Right now, Virginia-raised 28-year-old D.R.A.M. is hip-hop’s drunken master. His lovestruck, singing-in-the-shower style – imagine a cross between Ol’ Dirty Bastard, Chance the Rapper and a private-press R&B record from the Seventies – is bent, delirious and totally intoxicating. His pop-star coup is taking that moment in “La Di Da Di” where Slick Rick brokenly croons a few bars from “Sukiyaki,” and turning that into his main flow. He’s actually a pretty decent rapper too, as tracks like “Monticello Ave.” from his debut album Big Baby D.R.A.M. show, but there’s no doubt that the drawl is the draw.
When his novelty hit “Cha Cha,” an ode to Dominican ladies with a Super Nintendo sample and Magic School Bus shout-out, hit the Internet last year, D.R.A.M. became a fast favorite of Beyoncé (who danced to “Cha Cha” on Instagram), Chance (who gave him an interlude spotlight on Coloring Book called “D.R.A.M. Sings Special”) and Drake (who swagger-jacked “Cha Cha” for his monster hit “Hotline Bling”).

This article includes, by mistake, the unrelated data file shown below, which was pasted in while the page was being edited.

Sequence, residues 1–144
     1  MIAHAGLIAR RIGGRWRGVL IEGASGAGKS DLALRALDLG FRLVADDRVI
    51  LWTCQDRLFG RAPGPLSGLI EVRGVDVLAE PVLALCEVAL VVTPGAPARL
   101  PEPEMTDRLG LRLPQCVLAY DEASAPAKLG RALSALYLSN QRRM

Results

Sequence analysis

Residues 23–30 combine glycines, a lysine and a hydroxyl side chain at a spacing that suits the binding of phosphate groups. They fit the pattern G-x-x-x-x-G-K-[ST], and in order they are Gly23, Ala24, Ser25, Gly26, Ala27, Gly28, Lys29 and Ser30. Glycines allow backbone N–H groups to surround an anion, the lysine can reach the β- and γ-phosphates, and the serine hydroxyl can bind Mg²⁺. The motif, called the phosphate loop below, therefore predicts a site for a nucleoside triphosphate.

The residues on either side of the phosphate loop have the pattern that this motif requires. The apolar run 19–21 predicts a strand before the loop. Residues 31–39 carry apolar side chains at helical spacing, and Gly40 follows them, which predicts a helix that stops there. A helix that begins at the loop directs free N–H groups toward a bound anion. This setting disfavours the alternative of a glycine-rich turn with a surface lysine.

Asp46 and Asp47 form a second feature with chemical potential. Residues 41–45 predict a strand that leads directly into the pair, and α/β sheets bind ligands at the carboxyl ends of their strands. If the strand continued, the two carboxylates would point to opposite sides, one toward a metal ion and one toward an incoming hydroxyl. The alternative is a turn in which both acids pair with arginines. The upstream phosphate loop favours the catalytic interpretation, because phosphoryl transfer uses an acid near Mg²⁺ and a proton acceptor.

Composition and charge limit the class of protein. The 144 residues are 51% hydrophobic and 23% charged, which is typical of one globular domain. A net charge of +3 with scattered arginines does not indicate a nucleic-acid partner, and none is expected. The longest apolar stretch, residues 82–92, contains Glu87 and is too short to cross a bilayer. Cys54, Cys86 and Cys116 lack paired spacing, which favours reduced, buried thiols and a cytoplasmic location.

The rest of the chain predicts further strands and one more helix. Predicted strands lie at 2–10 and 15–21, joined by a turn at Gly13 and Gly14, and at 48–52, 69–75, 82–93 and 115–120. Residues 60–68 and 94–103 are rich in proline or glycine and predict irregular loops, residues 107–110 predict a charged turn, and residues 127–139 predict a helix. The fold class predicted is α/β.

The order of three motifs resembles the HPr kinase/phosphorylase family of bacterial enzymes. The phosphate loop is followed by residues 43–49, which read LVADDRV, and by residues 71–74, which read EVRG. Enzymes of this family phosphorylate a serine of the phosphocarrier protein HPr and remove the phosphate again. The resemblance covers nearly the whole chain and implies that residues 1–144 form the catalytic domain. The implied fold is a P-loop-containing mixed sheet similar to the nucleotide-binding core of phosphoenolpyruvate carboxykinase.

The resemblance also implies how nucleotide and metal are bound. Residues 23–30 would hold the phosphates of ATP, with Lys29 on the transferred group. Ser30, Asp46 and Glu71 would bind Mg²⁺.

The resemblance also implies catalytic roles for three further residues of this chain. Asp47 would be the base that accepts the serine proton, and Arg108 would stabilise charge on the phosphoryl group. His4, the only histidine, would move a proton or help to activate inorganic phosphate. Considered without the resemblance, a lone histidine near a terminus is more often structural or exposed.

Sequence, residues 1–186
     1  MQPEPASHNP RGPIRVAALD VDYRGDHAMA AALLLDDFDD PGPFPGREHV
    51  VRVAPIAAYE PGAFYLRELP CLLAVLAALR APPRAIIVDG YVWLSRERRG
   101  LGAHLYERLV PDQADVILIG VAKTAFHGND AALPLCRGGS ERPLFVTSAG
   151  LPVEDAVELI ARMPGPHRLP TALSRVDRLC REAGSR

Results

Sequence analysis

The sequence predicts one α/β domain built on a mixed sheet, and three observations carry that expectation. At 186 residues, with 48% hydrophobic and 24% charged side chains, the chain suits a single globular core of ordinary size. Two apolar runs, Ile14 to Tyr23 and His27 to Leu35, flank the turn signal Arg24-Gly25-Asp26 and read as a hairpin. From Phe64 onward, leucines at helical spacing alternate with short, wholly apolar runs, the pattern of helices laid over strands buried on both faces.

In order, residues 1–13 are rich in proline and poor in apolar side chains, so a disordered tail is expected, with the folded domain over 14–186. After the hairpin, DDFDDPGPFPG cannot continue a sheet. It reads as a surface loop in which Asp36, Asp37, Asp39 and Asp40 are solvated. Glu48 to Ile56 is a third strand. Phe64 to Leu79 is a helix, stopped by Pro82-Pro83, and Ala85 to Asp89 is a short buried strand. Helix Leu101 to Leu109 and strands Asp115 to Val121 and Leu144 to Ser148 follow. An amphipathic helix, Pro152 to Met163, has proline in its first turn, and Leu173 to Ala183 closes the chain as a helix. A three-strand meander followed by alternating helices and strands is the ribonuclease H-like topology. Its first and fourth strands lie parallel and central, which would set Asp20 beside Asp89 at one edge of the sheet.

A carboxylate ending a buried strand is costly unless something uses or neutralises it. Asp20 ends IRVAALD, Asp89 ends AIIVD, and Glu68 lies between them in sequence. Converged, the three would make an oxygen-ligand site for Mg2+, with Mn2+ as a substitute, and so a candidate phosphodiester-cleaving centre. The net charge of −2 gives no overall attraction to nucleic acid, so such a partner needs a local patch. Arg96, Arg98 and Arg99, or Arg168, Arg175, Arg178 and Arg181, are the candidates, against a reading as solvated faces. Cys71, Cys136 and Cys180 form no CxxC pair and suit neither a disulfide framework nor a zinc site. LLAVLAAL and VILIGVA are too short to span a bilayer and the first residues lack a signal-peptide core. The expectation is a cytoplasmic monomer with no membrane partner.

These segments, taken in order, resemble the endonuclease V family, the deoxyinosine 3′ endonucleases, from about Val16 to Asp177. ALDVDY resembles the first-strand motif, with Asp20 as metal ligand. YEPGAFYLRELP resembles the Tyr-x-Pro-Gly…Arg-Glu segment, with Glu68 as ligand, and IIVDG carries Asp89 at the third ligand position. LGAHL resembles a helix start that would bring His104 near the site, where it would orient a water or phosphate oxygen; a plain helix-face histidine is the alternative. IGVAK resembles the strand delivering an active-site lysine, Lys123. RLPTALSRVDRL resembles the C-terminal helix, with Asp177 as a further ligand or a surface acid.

As Drake-endorsed viral hitmakers go, D.R.A.M. has already proven more durable than many, producing the Top 10 hit “Broccoli” and Big Baby D.R.A.M. shows his style is durable too – doing his instantly recognizable sing-song on a tune that sounds like a cinematic reboot of Billy Joel’s “Pressure” (“Misunderstood”) or working out his falsetto over some chiptune blips (“Cute”). Mostly he’s a lothario with a huge wink and grin, a modern Humpty Hump out to tell ladies “You don’t know what the fuck you been missing/I done learned ’bout eight new positions” or, on his hit “Broccoli,” rhyme “sleazily” with “greasily” in one of the sleaziest, greasiest choruses of the year. By album’s end, his thirsty messages are caught by his main squeeze: “Infiltration in 15 minutes,” he sings on “Password.” “I wish my password wasn’t my name.” Love or hate his broken style, he’s the Biz Markie for the era where it goes down in the D.M.